Business Law Study Set 14

Business

Quiz 15 :

The Statute of Fraudswriting Requirement and Electronic Records

Quiz 15 :

The Statute of Fraudswriting Requirement and Electronic Records

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The One-Year Rule On January 1, Damon, for consideration, orally promised to pay Gary $300 a month for as long as Gary lived, with the payments to be made on the first day of every month. Damon made the payments regularly for nine months and then made no further payments. Gary claimed that Damon had breached the oral contract and sued Damon for damages. Damon contended that the contract was unenforceable because, under the Statute of Frauds, contracts that cannot be performed within one year must be in writing. Discuss whether Damon will succeed in this defense.
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The One-Year Rule:
In the case of Gary v. Damon, a trial court would probably enforce the contract because although the Statute of Frauds requires contracts for longer than one year to be in writing to be enforceable, since it is possible that Gary may die within the year coupled with the showing by Damon of none months payments, the contract is enforceable.
Hence, the oral contract was possible to fulfill within the one-year rule and therefore enforceable under the Statute of Frauds.

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The Parol Evidence Rule When Hurricane Katrina hit the Gulf Coast in 2005, Evangel Temple Assembly of God in Wichita Falls, Texas, contacted Wood Care Centers, Inc., about leasing a facility it owned to house evacuees from the hurricane. Evangel and Wood Care reached an agreement and signed a twenty-year lease at $10,997 per month. One clause said that Evangel could terminate the lease at any time by giving Wood Care notice and paying 10 percent of the balance remaining on the lease. Another clause stated that if the facility was not given a property tax exemption, Evangel had the option to terminate the lease. Nine months later, the last of the evacuees left the facility, and Evangel notified Wood Care that it would end the lease. Wood Care demanded the 10 percent payment. Evangel claimed that it did not need to make the payment because if the facility converted back to a "non-church" use, it would lose its tax-exempt status and Evangel could simply terminate the lease. Evangel's pastor testified that the parties understood that this would be the scenario at the time the lease was signed. The trial court held that Evangel owed nothing. Wood Care appealed, contending that the trial court improperly allowed parol evidence to interpret the contract. Was the trial court's acceptance of parol evidence correct Why or why not [ Wood Care Centers, Inc. v. Evangel Temple Assembly of God of Wichita Falls, 307 S.W.3d 816303 (Tex.App.-Fort Worth 2010)]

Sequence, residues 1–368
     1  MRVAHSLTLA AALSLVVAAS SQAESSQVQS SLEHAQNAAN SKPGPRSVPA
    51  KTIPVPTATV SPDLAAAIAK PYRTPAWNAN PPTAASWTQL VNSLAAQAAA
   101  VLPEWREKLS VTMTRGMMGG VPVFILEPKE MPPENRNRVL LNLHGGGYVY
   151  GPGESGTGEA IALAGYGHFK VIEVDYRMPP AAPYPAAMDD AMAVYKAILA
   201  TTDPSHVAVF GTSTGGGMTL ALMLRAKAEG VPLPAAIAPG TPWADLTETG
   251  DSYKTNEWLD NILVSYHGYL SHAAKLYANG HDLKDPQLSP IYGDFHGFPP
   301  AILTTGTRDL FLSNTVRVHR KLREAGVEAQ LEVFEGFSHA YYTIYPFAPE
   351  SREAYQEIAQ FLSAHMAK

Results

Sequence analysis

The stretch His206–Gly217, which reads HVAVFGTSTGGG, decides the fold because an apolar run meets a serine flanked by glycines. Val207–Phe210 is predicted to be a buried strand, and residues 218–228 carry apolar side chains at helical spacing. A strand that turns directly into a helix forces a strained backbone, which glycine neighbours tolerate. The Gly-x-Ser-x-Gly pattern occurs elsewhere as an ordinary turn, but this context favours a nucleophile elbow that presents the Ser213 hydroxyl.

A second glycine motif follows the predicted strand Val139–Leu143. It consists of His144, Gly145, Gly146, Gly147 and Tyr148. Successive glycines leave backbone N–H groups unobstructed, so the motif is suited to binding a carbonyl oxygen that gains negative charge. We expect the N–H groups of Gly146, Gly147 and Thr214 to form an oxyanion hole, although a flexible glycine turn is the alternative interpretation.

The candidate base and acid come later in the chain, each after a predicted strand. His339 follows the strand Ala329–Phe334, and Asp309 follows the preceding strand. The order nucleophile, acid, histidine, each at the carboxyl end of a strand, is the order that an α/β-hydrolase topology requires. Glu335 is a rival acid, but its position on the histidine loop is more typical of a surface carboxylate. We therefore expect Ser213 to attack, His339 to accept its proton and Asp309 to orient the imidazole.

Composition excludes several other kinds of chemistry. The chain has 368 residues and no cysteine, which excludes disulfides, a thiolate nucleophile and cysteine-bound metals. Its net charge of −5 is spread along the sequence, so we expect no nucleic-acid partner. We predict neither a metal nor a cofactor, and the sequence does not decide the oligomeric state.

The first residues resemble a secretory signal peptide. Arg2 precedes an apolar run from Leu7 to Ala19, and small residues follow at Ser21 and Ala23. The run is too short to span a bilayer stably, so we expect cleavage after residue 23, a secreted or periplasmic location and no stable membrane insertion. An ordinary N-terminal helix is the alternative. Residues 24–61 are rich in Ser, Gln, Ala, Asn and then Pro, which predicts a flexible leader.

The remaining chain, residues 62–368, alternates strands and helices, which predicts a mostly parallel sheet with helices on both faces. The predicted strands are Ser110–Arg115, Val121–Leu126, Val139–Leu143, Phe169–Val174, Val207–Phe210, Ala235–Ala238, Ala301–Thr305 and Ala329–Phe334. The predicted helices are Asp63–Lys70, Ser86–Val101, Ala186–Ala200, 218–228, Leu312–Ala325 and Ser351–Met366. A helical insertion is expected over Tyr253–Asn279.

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In the case of the Wood Care Centers, Inc. v. Evangel Temple Assembly of God of Wichita Falls, 307 S.W.3d 816303 (Tex. App. - Ft. Worth 2010) the trial court entered a take-nothing judgment against Wood Care when it applied the parol evidence in its interpretation of the Agreement between the parties. The Court of Appeals affirmed.
The Appellate court reviewed the contract from a utilitarian standpoint, stating that if a contract is ambiguous, it is a question of law that must be decided by examining the contract as a whole in light of the circumstances present when the contract was entered.
Wood Care contended that the trial court improperly considered parol evidence regarding a proposed conflict by Evangel that there was a conflict between specific clauses that created an ambiguity.
The Appellate Court determined that the conflict between the clauses did not create an ambiguity, and that the trial court erred by admitting parol evidence on this issue. They further stated that conclusions of law may not be challenged for factual sufficiency, but they may be reviewed to determine their correctness based upon the facts. Since the Court was making its determination based on a question of law, it upheld the decision of the lower court.
Here the Court stated that the parol evidence rule was not correctly applied, however the plaintiff did not establish a case to support a breach of contract against Evangel so their claim did not succeed.